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Top neurosurgeon 'spent six days in heaven' during a coma

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posted on Oct, 9 2012 @ 01:06 PM
reply to post by luciddream

Try explaining that to your average atheist!

When I do, they automatically gawk and say, "so you lean towards being a deist".

posted on Oct, 9 2012 @ 01:20 PM

Originally posted by luciddream
reply to post by dominicus

Hold on, Hold on.. are you mixing spirituality with belief in god? like its exclusive to religious?

Did you know you An Atheist can be spiritual? without believing in a deity? Most Atheist are spiritual.

edit: these anomalies does not make "god" true.
edit on 10/9/2012 by luciddream because: (no reason given)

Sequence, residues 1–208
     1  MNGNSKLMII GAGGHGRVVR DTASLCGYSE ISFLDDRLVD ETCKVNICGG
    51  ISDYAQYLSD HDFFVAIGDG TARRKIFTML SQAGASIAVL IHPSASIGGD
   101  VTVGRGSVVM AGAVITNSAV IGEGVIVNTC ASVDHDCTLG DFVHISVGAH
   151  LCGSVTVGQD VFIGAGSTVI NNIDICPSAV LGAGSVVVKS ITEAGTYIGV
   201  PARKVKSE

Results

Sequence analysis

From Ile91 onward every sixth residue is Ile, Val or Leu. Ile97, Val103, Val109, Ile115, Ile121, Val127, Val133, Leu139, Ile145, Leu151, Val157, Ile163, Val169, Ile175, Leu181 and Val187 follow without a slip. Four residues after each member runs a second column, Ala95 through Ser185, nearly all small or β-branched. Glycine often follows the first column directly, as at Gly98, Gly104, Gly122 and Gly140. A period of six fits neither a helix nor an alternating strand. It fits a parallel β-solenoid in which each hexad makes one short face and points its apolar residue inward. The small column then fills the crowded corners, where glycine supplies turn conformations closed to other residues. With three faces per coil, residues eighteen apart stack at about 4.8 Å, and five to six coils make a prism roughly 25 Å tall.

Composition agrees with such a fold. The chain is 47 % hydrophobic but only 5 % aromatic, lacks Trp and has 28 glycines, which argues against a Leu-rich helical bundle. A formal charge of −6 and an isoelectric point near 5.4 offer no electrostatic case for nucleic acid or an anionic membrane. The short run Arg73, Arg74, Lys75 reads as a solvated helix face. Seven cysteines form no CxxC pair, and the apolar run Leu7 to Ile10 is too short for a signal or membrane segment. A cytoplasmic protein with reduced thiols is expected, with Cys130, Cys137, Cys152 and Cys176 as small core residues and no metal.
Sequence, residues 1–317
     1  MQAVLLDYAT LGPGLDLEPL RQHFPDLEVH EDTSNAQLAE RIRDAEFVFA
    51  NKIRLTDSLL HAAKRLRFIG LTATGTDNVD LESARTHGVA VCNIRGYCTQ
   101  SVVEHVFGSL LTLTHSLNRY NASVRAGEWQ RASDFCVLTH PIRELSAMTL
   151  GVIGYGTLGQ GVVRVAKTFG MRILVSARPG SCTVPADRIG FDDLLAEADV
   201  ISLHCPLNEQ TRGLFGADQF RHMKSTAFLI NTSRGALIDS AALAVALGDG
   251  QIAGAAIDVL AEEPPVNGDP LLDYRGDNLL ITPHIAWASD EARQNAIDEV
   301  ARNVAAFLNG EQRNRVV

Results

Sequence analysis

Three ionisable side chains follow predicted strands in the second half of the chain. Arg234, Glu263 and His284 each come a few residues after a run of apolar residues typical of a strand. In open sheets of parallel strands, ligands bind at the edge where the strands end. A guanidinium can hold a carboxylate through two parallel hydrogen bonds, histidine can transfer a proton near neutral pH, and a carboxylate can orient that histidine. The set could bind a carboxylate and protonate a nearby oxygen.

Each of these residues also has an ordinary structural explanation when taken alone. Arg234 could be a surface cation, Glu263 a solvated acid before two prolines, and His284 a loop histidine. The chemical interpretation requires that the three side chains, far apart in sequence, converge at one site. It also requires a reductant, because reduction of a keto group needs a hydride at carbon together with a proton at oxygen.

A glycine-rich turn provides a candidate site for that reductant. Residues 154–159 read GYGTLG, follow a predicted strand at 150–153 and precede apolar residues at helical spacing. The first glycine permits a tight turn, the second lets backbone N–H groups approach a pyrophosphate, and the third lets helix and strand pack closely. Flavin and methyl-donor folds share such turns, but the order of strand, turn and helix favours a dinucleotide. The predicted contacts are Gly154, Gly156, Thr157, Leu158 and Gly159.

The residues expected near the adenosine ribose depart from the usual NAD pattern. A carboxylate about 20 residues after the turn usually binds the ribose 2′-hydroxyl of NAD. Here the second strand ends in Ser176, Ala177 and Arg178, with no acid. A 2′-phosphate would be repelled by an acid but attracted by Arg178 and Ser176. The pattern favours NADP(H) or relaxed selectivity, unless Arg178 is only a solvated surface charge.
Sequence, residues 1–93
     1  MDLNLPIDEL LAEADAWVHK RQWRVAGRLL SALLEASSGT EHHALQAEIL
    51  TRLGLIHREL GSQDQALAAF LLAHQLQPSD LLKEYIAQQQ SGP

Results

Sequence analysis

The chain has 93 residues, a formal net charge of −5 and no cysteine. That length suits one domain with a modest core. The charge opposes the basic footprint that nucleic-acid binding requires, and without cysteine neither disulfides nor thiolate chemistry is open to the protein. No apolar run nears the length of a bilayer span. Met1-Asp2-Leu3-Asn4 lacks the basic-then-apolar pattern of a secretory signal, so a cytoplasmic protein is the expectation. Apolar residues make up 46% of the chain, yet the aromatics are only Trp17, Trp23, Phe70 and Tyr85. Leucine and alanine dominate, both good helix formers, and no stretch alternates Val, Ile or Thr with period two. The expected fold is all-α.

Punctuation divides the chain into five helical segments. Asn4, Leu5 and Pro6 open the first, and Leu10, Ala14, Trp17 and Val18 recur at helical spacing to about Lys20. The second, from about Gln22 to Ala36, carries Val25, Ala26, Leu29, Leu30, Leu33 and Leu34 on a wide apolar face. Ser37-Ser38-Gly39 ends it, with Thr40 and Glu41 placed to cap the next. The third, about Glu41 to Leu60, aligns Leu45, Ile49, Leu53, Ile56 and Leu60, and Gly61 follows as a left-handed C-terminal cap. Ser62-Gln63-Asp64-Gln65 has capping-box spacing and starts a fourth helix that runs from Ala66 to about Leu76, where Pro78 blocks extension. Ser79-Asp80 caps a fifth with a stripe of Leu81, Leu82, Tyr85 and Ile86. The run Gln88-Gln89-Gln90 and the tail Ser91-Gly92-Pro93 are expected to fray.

Yes i know an athiest can be spiritual w/o believing in a diety. Label it spiritual humanism or atheist spirituality or whatever you want, however believe has nothing to do whether or not God exists.

What im saying is that regardless of what you label yourself as, if you seriously take up any kind or form of serious spirituality, and really penetrate the depths of your inner self and reality in general, you will eventually come across an infinite beingness, consciousness, etc.

Belief or no belief, if its there its there.

posted on Oct, 9 2012 @ 01:21 PM

Originally posted by reppie

Originally posted by chasingbrahman

Originally posted by sgspecial19
I get chills from reading the article; he is absolutely right consciousness does exist outside the body. When I meditate, I leave my physical senses behind and reach a state of consciousness where I am no longer limited to my body. The environment around me IS me, and there is a feeling of all knowing.